Also speaking was BC Ambassador Arabella Dorman, on her work as a war artist and the artist-curator of the BC-supported Child of War Exhibition. Dorman said the Exhibition had opened the eyes of many to how children view war in their own lives. Our final speaker was Narmina Mammadova, Founder of the War Through Children’s Eyes arts competition for children, which is raising funds for BC this year. Mammadova set up the competition in 2022 as a vehicle to express children’s voices about how war impacts their lives. Mammadova said it was vital that children everywhere voiced their views about war and called for a wider engagement with schoolchildren everywhere so there is empathy and understanding.


More than 80% of Ukrainian children expected to have PTSD

In a harrowing and emotional presentation, Osmolovska told the audience of the impact of the Russian war in Ukraine upon Ukrainian children: “The deepest scars of war are in a child’s soul. Over 80% of Ukrainian children are expected to get some kind of post traumatic stress disorder including aggression, flashbacks, panic attacks, negative emotions, fear, being unable to think properly or speak,” she said.

These may be caused by witnessing or experiencing torture, rape, the killing of loved ones, occupation and other horrors of war. Osmolovska also spoke of the kidnapping and forcible deportation of children from Ukraine to Russia during the war. Thousands of such cases (19,546) are documented, but the Ukrainian Parliament commissioner for human rights, Dmytro Lubinets, has claimed the figure is likely to be much higher.

“Mental health can impact an individual, an entire nation”

 Abbas spoke widely of his deep experience of the impact of war and displacement upon children in conflicts around the world during his career at UNHCR.  Today he works with Beyond Conflict and other NGOs to help train and build capacity for mental health support in places like the Rohingya refugee camp in Bangladesh, where more than 500,000 children are living in a camp of 1 million refugees who fled the 2017 Myanmar genocide.

“The impact of mental health is all encompassing. The anxiety, uncertainty and stigma it generates can affect a single individual all the way to an entire nation,” said Abbas. He added that such was the scale of the problem that it needed to be tackled internationally whilst also focusing on many small grass roots initiatives as well. “We must tackle this challenge from the top as well as from the bottom,” he said.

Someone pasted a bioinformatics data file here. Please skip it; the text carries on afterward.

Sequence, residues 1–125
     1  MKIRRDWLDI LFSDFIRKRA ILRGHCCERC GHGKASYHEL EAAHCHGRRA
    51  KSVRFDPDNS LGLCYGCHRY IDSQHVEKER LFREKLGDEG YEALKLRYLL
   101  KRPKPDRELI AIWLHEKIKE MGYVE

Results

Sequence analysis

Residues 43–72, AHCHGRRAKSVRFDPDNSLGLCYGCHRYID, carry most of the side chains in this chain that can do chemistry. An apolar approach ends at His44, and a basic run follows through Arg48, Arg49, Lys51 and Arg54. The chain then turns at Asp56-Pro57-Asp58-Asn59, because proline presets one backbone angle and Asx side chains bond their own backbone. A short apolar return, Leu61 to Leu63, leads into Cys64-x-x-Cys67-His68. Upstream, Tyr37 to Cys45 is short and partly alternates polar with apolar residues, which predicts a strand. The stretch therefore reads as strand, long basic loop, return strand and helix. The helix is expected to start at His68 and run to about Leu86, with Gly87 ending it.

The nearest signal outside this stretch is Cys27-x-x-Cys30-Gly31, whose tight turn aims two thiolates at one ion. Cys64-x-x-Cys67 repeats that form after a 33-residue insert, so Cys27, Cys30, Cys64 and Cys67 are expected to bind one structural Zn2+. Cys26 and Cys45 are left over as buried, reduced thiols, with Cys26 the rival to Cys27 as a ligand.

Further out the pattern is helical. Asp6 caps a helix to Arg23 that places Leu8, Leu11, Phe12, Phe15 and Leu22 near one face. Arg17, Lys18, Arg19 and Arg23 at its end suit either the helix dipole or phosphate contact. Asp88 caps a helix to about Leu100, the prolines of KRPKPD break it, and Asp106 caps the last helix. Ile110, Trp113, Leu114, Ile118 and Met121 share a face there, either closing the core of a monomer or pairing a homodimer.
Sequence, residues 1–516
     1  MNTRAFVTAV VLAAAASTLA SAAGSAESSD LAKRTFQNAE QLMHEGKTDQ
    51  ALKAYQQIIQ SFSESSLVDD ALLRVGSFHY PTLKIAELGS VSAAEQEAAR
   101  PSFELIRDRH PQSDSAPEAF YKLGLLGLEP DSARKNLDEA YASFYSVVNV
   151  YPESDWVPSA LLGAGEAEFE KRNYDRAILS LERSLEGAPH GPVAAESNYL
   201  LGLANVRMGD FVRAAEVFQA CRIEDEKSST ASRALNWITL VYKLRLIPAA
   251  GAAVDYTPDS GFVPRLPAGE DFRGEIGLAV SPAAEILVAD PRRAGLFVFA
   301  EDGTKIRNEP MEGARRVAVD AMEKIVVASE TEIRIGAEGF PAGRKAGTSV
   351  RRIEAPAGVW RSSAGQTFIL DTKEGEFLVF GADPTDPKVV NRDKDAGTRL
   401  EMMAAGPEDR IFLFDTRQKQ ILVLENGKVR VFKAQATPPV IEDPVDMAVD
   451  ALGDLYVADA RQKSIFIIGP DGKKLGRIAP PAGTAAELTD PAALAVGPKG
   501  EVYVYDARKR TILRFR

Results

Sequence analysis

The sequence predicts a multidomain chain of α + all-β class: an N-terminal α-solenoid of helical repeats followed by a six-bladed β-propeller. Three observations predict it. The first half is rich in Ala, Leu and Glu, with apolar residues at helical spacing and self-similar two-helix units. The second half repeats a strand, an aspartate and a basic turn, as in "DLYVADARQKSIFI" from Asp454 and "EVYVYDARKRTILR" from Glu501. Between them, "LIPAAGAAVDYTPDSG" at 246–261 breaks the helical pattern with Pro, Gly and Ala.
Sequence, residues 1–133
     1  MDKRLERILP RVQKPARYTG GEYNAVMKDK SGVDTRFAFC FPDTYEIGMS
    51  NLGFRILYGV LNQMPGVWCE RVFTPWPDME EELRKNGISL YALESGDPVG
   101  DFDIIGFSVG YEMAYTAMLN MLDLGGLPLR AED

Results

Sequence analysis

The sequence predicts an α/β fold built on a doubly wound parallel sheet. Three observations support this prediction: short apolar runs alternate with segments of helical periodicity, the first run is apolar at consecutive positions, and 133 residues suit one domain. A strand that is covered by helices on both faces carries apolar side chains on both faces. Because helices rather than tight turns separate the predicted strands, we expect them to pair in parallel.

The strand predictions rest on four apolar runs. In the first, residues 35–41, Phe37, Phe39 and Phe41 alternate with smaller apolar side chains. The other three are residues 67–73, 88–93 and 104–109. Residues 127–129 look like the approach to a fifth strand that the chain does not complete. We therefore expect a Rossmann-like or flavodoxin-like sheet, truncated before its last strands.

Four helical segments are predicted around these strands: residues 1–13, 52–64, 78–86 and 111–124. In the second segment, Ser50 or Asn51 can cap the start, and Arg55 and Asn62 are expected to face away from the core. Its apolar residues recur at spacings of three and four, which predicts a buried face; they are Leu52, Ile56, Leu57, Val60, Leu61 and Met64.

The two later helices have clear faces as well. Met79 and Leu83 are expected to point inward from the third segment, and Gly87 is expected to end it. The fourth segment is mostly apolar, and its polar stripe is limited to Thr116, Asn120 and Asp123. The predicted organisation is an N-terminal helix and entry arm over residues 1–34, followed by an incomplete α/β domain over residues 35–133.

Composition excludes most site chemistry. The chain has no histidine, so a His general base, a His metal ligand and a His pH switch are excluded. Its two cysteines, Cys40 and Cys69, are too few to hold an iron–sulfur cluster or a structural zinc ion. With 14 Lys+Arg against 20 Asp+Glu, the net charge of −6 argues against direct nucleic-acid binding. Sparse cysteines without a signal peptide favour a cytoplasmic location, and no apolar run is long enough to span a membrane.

The unique vulnerabilities of children

McLeod made a compelling presentation on the IRCT’s work with regard to children: understanding the unique challenges and vulnerabilities of children in conflict zones; what the best practices are for addressing their psychological needs; ensuring that available mental health support was accessible and culturally sensitive and advocating for more effective ways to ensure children’s protection under international law.

All the panel experts committed to supporting Beyond Conflict and UWC’s commitment to create a campaign led by children’s voices on ending the targeting of kids in war and addressing their mental health needs.

Beyond Conflict and the Ukrainian Welcome Centre voiced their joint commitment to continue to work together with all partners and stakeholders to take this issue forward. We will be connecting with interested parties in the coming months on this. And be announcing details of our campaign. So watch this space.

To support our work, please donate if you can and spread the word of our work online or get in touch to help us. Thank you.




Can’t find what you’re looking for?

Get in touch for information and inquiries regarding
mental health, fundraising, or volunteering for Beyond Conflict.

Send a cheque to Beyond Conflict, c/o our Legal Counsel Robert Craig at:

Beyond Conflict
c/o RDC
Howard Kennedy LLP
1 London Bridge

General Enquires:
Contact our Co-Founder :
0797 1667553

Contact our Head of Communications:



Registered Charity Number: 1176499